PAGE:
Games as a Platform for Student Participation in Authentic Scientific Research

Rikke Magnussen, Sidse Damgaard Hansen, Tilo Planke, Jacob Friis Sherson

Publikation: Bidrag til tidsskriftKonferenceartikel i tidsskriftForskningpeer review

8 Citationer (Scopus)
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Resumé

This paper presents results from the design and testing of an educational version of Quantum Moves, a Scientific Discovery Game that allows players to help solve authentic scientific challenges in the effort to develop a quantum computer. The primary aim of developing a game-based platform for student-research collaboration is to investigate if and how this type of game concept can strengthen authentic experimental practice and the creation of new knowledge in science education. Researchers and game developers tested the game in three separate high school classes (Class 1, 2, and 3). The tests were documented using video observations of students playing the game, qualitative interviews, and qualitative and quantitative questionnaires. The focus of the tests has been to study players' motivation and their experience of learning through participation in authentic scientific inquiry. In questionnaires conducted in the two first test classes students found that the aspects of doing “real scientific research” and solving physics problems were the more interesting aspects of playing the game. However, designing a game that facilitates professional research collaboration while simultaneously introducing quantum physics to high school students proved to be a challenge. A collaborative learning design was implemented in Class 3, where students were given expert roles such as experimental and theoretical physicists. This significantly improved the students’ feeling of learning physics compared to Class 1 and 2. Overall the results presented in this paper indicate that the possibility of participating in authentic scientific experiments, which this class of games opens, is highly motivating for students. The findings also show that the learning design in the class setting must be considered in order to improve the students’ experience of learning and that various design challenges remain to be addressed even further.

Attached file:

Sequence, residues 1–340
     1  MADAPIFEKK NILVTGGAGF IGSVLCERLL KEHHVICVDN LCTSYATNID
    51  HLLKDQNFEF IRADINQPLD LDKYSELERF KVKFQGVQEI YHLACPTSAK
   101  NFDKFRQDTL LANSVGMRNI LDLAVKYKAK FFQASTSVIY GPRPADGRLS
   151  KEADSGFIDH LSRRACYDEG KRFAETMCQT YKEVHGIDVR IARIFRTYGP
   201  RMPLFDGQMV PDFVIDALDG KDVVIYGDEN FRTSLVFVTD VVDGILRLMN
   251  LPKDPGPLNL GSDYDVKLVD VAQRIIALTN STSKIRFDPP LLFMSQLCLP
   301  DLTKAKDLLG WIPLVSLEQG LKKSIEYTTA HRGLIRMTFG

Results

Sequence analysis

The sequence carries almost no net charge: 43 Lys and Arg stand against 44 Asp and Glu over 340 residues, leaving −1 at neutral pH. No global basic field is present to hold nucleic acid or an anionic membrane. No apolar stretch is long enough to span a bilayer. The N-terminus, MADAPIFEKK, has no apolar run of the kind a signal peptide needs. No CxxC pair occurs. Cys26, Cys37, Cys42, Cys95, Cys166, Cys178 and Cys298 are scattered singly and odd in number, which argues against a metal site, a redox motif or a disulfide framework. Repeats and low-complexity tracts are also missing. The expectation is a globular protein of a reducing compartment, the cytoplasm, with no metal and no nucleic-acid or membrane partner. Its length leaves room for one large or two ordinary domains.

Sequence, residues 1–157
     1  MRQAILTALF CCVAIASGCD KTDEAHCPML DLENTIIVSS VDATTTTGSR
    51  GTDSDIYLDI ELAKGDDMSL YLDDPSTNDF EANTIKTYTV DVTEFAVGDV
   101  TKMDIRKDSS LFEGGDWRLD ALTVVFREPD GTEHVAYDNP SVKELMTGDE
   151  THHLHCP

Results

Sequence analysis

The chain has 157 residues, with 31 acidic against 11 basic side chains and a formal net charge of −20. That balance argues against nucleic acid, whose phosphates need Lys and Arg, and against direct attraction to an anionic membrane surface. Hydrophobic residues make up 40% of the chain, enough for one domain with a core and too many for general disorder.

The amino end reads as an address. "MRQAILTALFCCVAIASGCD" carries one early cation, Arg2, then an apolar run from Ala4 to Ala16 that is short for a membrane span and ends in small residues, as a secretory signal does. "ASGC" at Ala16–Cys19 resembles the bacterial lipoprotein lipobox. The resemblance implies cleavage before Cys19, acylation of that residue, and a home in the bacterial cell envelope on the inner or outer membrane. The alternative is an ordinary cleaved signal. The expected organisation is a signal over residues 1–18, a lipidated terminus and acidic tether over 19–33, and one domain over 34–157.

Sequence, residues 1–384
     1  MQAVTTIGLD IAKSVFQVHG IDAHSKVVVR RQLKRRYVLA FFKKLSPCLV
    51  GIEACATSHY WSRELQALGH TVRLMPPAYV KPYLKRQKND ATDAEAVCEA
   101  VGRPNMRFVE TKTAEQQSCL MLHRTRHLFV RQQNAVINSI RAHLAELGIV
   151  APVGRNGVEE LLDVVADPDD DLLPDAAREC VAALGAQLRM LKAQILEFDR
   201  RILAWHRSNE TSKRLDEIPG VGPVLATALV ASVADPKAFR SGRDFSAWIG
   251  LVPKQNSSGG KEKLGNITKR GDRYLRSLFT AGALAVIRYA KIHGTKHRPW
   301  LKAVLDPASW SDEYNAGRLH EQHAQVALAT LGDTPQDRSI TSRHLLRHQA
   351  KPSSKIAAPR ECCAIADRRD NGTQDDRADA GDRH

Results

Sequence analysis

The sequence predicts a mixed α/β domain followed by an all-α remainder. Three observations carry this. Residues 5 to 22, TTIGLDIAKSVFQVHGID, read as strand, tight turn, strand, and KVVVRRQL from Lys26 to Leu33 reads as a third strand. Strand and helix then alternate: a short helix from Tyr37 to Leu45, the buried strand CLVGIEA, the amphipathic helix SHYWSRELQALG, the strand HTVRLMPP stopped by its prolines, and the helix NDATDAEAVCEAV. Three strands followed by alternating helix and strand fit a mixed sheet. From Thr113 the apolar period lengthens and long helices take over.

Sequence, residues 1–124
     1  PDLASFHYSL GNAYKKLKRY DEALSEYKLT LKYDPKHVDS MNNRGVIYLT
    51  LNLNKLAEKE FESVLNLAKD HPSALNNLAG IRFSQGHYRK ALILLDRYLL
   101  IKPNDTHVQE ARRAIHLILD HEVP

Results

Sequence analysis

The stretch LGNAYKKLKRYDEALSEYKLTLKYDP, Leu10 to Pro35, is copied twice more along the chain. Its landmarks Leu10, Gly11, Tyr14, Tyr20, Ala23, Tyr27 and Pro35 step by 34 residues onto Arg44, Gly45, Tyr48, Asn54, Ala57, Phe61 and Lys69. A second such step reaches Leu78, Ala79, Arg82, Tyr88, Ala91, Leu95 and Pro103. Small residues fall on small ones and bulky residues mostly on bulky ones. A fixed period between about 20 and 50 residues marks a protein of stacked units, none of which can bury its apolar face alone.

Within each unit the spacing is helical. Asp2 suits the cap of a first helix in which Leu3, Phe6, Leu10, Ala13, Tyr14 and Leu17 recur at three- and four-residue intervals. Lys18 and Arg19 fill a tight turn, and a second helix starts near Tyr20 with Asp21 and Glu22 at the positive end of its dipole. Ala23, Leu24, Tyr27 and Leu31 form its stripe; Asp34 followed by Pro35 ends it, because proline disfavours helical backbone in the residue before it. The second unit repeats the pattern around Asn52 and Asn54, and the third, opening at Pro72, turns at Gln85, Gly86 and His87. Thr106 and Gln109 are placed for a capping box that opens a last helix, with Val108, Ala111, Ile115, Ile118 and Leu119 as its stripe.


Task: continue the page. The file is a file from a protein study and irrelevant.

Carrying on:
OriginalsprogEngelsk
TidsskriftElectronic Journal of E-Learning
Vol/bind12
Udgave nummer3
Sider (fra-til)259‑270
Antal sider11
ISSN1479-4403
StatusUdgivet - jun. 2014
BegivenhedThe 7th European Conference on Games Based Learning - Instituto Superior de Engenharia do Porto (ISEP), Porto, Portugal
Varighed: 3 okt. 20134 okt. 2013
Konferencens nummer: 7
http://academic-conferences.org/ecgbl/ecgbl2013/ecgbl13-home.htm

Konference

KonferenceThe 7th European Conference on Games Based Learning
Nummer7
LokationInstituto Superior de Engenharia do Porto (ISEP)
LandPortugal
ByPorto
Periode03/10/201304/10/2013
Internetadresse

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Students
participation
student
physics
Physics
learning
Quantum computers
school class
questionnaire
qualitative interview
experience
video
Education
expert
experiment
Testing
science
school
knowledge
education

Citer dette

Magnussen, R., Damgaard Hansen, S., Planke, T., & Friis Sherson, J. (2014). Games as a Platform for Student Participation in Authentic Scientific Research. Electronic Journal of E-Learning, 12(3), 259‑270.
Magnussen, Rikke ; Damgaard Hansen, Sidse ; Planke, Tilo ; Friis Sherson, Jacob. / Games as a Platform for Student Participation in Authentic Scientific Research. I: Electronic Journal of E-Learning. 2014 ; Bind 12, Nr. 3. s. 259‑270.